LOCAL NEWS

Available talent top issue among local businesses

Recruiting and retaining qualified talent is the primary concern among employers today. In fact, site selection firms — consultants engaged by corporations to provide a variety of services to help with location of a new facility or relocating operations — will tell you the number one criteria for their clients is a community with the availability of skilled labor.

Like so many communities across Indiana and the Midwest, unemployment rates are near record lows. According to STATS Indiana, Montgomery County’s May unemployment rate was 2.4 percent, while the state as a whole was 2.8 percent. When one factors in that many economists would suggest an unemployment rate between 4-5 percent is considered “full employment,” and that national statistics show baby boomers across the country are retiring at an average of 10,000 per day, it is imperative communities look at collaborative and sustaining ways to build the future talent pipeline.

In his ongoing efforts to build a first-class city, Mayor Todd Barton hosted the first of what he hopes will be many stakeholder roundtables to discuss workforce challenges, as well as begin to identify ideas and sustainable programming to improve the local labor pool. 

“Based on discussions with the three school superintendents and many of our area employers, everyone agrees we must be more proactive at addressing this issue,” Barton said. “In doing so, we need to look at workforce development from a comprehensive approach that includes not only preparation at the K-12 level, but incumbent workers, trailing spouses and veterans.”

Stakeholders at the roundtable included representatives from nine area industry, a county commissioner, superintendents of Crawfordsville schools, North Montgomery schools, Southmont schools, representatives from Wabash College, Ivy Tech, WorkOne, Crawfordsville/Montgomery County Chamber and the city’s economic development consultant.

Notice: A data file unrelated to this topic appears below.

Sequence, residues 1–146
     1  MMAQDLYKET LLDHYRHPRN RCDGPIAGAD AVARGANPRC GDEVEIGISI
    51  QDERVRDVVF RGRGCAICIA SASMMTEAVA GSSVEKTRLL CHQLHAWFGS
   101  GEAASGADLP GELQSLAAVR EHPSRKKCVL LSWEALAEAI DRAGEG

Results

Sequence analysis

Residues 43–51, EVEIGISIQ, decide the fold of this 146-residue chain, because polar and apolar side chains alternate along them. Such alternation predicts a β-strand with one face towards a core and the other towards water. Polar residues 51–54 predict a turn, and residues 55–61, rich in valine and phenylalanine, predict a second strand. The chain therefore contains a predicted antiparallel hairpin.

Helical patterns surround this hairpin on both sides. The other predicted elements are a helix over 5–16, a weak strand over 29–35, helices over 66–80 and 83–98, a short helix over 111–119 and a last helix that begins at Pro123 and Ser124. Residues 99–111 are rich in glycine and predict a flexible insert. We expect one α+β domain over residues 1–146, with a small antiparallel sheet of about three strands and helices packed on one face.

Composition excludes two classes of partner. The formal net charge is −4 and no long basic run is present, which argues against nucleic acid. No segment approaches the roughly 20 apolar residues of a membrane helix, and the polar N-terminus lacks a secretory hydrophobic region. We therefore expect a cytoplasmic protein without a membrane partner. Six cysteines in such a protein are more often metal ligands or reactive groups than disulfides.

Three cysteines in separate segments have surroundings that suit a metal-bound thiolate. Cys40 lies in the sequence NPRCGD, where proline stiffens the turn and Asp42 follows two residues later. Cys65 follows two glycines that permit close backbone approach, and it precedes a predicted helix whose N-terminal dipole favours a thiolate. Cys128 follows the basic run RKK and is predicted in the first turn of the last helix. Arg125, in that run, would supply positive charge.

“It’s really powerful to sit in a room with local employers, local schools and local government to see how we can improve our community and make a long-term difference for Crawfordsville,” said Scott Bowling, superintendent of Crawfordsville Schools.

Echoing a similar sentiment about the importance of this initiative, Tracy Mobley, site leader at Pace Dairy, “Workforce development is important because we’re trying to create a positive work environment and investing in the future. This community is the lifeblood of what we do now and what we will continue to do, so it’s important to support each other to ensure that future.”

Examples of work the group will undertake in the coming months include, identifying skills gaps and training needs from area employers, exploring best practice models, analyzing the current delivery infrastructure such as STEM programs in K-12, and certifications and other training offered by higher ed institutions, and discussing ideas for building awareness about industry in the community. 

“We all realize there is no quick fix, so it is my expectation this initiative becomes an integral component of our long-term economic and community development efforts,” Barton said.